Stripping it down further, The Garden of Words is where Shinkai truly explores what led him to create his Magnum Opus. Created three years prior to Your Name, this film’s strongest asset is its stunning visuals. He flexes his artistic talent here, fully immersing viewers into a luscious Tokyo Garden.
Each scene looks like a piece of art from a museum, whether it’s the panning out into the many greeneries and lakes, or the breathtaking bridges and landscapes. You’ll be amazed at the amount of fleshed out detail and attention placed into them. The film’s simplistic and underdeveloped characters are where it may fall short.
It is, as the title suggests, a scenario in which Takao, a 15-year-old shoemaker, and Yukino, a 27-year-old lady lost in the Tokyo rush, hold discussions. It has been critiqued for being perhaps uninteresting and half-baked, but it’s also difficult to anticipate too much development of people and their relationships in 46 minutes. As intriguing as the dynamic of an adolescent kid communicating with an older lady is, their discussions can be viewed as a snoozefest.
Another criticism is how rapidly their connection grows, culminating in a melodramatic confession at the conclusion of the film. Again, it may go either way, as you’ll either adore or dislike the quantity of simplistic and plain conversation spoken between the two lost souls.
However, from a visual aspect, it is nothing short of magnificent, as even if you don’t find it very engaging from a story standpoint, the atmosphere and aesthetics more than compensate for any lack of characterization.
5 Centimeters Per Second to none?
Many consider his defining work to be 5 cm/s, which is also the pace at which Sakura leaves fall from trees. It’s a terrific balance between the two films listed above, combining the hyper-realistic features of Garden with the character writing of Your Name. As the first of the three films, it encapsulates Shinkai’s theories to their core, concentrating on the scenery and a basic no-frills storyline with no out-of-the-ordinary features like time travel.
5 Centimeters Per Second is primarily a romance drama about two star-crossed lovers, but it also tackles the connection of childhood friends Takaki and Akari, who are let down by the situations they are placed in. This is a circumstance that is extremely similar to our own personal relationships. Those who have been injured by long-distance relationships should close their eyes or prepare to be hurt again.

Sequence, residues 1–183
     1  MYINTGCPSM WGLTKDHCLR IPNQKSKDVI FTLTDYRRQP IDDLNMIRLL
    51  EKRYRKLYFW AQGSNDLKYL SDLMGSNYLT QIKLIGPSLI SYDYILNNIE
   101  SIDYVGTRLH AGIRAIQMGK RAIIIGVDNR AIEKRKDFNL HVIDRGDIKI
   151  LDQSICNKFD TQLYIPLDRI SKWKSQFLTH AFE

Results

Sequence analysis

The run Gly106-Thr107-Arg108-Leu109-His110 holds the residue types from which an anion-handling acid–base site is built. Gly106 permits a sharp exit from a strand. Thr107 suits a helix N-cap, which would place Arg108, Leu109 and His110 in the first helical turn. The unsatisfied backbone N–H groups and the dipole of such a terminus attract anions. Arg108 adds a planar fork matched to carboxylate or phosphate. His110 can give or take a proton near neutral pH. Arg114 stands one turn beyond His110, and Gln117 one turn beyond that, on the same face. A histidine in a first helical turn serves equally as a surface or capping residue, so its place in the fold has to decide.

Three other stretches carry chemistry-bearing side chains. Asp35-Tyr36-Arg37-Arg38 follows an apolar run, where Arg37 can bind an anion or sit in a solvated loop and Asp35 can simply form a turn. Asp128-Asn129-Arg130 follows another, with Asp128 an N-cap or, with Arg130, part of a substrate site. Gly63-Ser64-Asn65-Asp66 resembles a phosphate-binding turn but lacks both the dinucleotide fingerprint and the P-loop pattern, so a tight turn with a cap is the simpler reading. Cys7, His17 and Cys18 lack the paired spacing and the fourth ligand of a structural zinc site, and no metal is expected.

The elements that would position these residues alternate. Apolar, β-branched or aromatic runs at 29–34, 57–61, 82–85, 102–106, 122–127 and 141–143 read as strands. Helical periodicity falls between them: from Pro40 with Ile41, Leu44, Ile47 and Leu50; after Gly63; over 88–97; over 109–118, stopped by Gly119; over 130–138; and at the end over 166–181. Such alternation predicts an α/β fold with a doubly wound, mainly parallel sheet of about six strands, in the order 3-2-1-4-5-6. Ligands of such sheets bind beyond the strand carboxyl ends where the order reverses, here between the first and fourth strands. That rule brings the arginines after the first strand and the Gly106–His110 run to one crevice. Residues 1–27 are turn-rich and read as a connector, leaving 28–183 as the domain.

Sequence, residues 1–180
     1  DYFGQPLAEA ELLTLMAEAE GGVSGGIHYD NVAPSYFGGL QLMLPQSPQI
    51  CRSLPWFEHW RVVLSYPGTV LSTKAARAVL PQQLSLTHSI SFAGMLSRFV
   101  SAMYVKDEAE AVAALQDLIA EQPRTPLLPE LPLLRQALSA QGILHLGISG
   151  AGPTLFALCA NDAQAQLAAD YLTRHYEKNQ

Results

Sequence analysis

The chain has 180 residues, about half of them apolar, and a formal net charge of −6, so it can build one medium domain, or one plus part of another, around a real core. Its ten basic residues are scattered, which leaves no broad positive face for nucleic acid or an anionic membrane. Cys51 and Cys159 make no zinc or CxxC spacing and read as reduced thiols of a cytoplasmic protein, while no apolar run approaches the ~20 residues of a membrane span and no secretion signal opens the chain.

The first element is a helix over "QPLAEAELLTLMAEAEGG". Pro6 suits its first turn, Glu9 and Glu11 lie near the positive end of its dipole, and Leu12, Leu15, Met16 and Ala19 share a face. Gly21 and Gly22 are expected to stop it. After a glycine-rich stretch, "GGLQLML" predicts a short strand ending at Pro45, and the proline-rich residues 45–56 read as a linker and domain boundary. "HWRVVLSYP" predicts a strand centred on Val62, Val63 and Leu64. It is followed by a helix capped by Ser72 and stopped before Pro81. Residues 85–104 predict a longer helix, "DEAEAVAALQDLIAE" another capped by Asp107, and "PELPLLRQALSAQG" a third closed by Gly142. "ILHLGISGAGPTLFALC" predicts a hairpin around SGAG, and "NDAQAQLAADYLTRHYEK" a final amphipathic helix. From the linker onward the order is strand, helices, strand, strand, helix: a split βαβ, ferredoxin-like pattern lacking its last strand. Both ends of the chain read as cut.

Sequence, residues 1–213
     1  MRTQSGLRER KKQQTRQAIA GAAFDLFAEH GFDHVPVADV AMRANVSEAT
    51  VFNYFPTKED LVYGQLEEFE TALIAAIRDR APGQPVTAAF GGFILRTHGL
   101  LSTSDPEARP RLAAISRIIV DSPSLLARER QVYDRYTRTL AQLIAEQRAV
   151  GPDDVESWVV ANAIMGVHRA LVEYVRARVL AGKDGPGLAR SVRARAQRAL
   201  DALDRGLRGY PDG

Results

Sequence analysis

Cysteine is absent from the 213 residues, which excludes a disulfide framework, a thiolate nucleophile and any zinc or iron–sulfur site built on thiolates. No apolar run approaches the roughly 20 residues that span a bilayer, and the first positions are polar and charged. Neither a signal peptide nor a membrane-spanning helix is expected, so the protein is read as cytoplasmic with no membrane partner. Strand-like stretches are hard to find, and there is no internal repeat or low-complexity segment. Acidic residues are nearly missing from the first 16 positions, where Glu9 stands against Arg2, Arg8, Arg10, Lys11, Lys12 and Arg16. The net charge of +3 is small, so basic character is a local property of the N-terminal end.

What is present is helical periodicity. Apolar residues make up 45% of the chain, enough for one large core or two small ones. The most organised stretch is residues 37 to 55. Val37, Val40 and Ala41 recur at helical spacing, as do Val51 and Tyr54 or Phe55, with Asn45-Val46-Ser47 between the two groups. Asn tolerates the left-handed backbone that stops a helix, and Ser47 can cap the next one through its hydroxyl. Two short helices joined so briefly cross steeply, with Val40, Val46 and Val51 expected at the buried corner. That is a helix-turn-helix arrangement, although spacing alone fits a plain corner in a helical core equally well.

This is the most genuine and vulnerable of the relationships between the characters Shinkai has written about. It’s a tragic train voyage that will leave an impression on you whether you’ve been placed in the scenario the protagonists have encountered or not. It’s paired with one of the most delicate soundtracks and melancholy snow atmospheres.
Weathering With You through it all
Weathering With You is his most current effort and a sequel to perhaps his finest picture, as well as his most recent feature. Nature has always played an important role in all of Shinkai’s works. Rain, snow, stars, and comets are non-negotiable components that add emotional and figurative bows to his titles.
Makoto Shinkai went all out with the elements in this film, concentrating fully on a girl’s power to alter the weather and provide sunlight where it is required. But, as we might assume, with great power comes tremendous responsibility, and as we shall see later, the conflict occurs after the two major characters’ relationships solidify. This is the Shinkai structure’s natural flow.
It is an excellent animation and, dare we say, companion piece to Your Name, while being shockingly identical in structure and attitude (just look at the posters of the two films and you’ll see what I mean). Although it is not as sophisticated or rewatchable as Your Name, its pace, character designs, animation, artwork, scenery, and soundtrack are all excellent, as is to be anticipated.
Make a wish, Shinkai fans
So, what can we expect from the acclaimed filmmaker in the future? The trailer Makoto Shinkai’s next movie Suzume no Tojimari was just released. Shinkai seems to be sticking to his big guns, with the fantastical and rural locations seen in Your Name playing a large role in the film, which is planned to be released on November 11, 2022.
Another important aspect seems to be time travel, since the sole material published about the film includes a plea from a time traveler to the main character to locate a door. You will never be dissatisfied with the overall quality of his works, thus we are fortunate to be gifted again this year by the wonderful Makoto Senpai.